FEATURE: Ali Welford – A Look Back At 2020 | NARC. | Reliably Informed | Music and Creative Arts News for Newcastle and the North East

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We chat to some of our passionate and dedicated team to find out what they thought of 2020…with some occasionally sweary results! Here, Ali Welford tells us about his past twelve months.

Sum up 2020 in three words.

Toriest year ever.

Your favourite band/artist of the year?

Having been starved of human interaction for the past nine months, I’ve found particular solace in local voices, and listening to folks I actually know. In spite of everything, it’s been a pretty exceptional year for North East music, so there’s been no shortage from which to choose!

My Band/Artist of the Year is a tie between Bad Amputee and Me Lost Me. Bad Amputee’s wondrous, folk-tinged slowcore debut Convenience Kills is my favourite record by anybody, anywhere over the past 12 months, and it’s difficult to think of another band over recent years who’ve been more aggressively up my street. Me Lost Me, meanwhile, is an artist we’ve known is a bit special for some time now, but even so her new album The Good Noise caught me off guard with the sheer breadth of its sonic palette. A huge step-up.

Your favourite song of the year?

My first thought is Rhona by Bad Amputee. I also had this as my SOTY last year, but since it was actually properly released in 2020 I’m going to claim it again. That said, nothing this year has filled me with such joy as Arab Strap’s big comeback single The Turning of Our Bones. They’re my favourite band in the world, and their first new song in 16 years is not only worthy of their name, but genuinely among the finest they’ve ever released. To say that I’m excited about their upcoming album would be something of an understatement…

Favourite TV show of the year?

I’m not a big TV lover – even during lockdown, there are just other things I’d prefer to spend my time on. I enjoyed David Tennant’s disturbingly matter-of-fact performance as serial killer Dennis Nielsen in Des, but the winner by a country mile is Better Call Saul – the only ongoing drama I’ve any real emotional investment in. Rhea Seehorn and Tony Dalton were magnetic for every second they were on-screen, and it’ll be fascinating to see how the sixth and final series resolves the links to Breaking Bad.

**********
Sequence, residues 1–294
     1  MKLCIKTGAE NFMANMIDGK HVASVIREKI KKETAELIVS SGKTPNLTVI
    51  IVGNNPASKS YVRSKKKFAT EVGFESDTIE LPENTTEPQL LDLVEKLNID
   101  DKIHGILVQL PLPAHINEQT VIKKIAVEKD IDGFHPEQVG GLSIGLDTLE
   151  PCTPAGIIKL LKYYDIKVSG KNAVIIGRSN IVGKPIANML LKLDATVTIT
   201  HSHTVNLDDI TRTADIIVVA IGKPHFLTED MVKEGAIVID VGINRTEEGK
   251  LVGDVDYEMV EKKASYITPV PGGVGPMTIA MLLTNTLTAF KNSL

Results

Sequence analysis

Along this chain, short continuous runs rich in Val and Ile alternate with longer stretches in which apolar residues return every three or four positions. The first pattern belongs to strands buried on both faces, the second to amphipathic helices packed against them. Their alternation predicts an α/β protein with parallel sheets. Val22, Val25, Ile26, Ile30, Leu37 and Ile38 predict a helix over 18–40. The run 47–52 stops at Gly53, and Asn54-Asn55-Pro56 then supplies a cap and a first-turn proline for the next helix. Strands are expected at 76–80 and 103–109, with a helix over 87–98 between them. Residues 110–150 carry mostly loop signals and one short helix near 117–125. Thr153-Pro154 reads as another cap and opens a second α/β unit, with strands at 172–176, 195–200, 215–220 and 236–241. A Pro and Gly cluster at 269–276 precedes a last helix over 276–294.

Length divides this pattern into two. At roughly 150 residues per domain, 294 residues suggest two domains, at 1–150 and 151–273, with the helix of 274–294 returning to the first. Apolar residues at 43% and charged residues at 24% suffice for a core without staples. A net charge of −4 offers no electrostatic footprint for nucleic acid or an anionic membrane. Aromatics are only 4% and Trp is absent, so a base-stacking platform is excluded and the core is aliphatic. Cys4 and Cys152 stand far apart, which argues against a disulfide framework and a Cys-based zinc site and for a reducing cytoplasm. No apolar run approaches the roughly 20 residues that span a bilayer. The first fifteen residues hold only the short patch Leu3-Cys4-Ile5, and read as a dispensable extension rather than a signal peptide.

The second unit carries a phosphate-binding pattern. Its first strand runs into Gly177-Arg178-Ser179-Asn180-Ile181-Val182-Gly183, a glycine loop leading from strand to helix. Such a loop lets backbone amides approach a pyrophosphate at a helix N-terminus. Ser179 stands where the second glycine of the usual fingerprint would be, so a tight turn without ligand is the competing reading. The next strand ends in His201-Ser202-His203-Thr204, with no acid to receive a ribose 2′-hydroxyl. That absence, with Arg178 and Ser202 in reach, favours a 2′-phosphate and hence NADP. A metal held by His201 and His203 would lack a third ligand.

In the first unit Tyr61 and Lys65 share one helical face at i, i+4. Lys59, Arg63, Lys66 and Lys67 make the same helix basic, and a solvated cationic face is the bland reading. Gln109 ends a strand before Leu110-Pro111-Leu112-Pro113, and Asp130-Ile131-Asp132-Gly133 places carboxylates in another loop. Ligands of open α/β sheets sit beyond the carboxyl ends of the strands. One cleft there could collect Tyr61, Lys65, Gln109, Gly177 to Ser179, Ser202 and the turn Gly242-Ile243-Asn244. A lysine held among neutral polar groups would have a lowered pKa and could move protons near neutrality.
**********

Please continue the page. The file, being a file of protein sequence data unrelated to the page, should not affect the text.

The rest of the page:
Your favourite film?

I’ve seen a grand total of two films this year: 1917 and Parasite (original, I know!). Both were masterful in their own ways, but I’m going to take the less hip route and go with 1917 – a truly mesmerising cinematic experience. I’m really looking forward to watching Ammonite – starring Kate Winslet as pioneering fossil hunter Mary Anning – but it’ll have to go some to come anywhere near those two.

Best book you read?

A tie here between The Missing Lynx by Ross Barnett and Inner City Pressure: The Story of Grime by Dan Hancox. The former is an entertaining examination of the incredible mammals which have disappeared from the British Isles over the past 15,000 years – from cave hyaenas and sabretooth cats to Irish elk and beavers. It’s written with a flair that’s pretty rare in books concerning prehistory, and makes a compelling case for reintroducing some species which endure elsewhere. The latter, meanwhile, is as much a socio-economic history of London over the past two decades as it is a genre history. As a white northerner with little social or cultural common ground, I found it an enlightening read.

What was your favourite gig / live stream event?

Otoboke Beaver’s show at Sage Gateshead back in February was an absolute blast, and seems even more joyous in retrospect. Little did we know that an international touring band entertaining a packed-out room would soon become such an alien concept… An honourable mention to my first post-lockdown show at Bobik’s, featuring Nev Clay, Laurie Shepherd and Claire Welford. Experiencing live performance again was such a wonderful sensation, and I’ve no doubt the next gig I attend – whenever, wherever and whoever that may be – will prove an equally cathartic experience.

As welcome as they’ve been, I can’t say that live streaming is a medium which holds much appeal for me. I’ve caught a few, but even calling them a pale imitation of an actual live music experience feels like a stretch. Plus, not having to leave the sofa, get dressed or interact with people isn’t such a draw when you’ve scarcely left the sofa, got dressed or interacted with people for nine months…
The one exception was T
USK Virtual – a phenomenal undertaking, and the only live stream I’ve watched which has felt like an actual ‘event.’

Any upcoming artists we should keep an eye out for in 2021?

This is a hard one to answer considering my usual means of encountering new artists – gigs – have been all but wiped out. When they eventually do return, I expect Lovely Assistant will make an impact, particularly once their (fabulous) debut album is ‘officially’ released. I’ve also enjoyed what I’ve heard so far from Jodie Nicholson, and although they’re more established I reckon Ceitidh Mac and Archipelago could both have big years.

Predictions for 2021?

It’s going to be shit, isn’t it? This may be a tad optimistic, but I’m going to predict it’ll be the SECOND worst year most of us have experienced. I guess you could call that progress of sorts…

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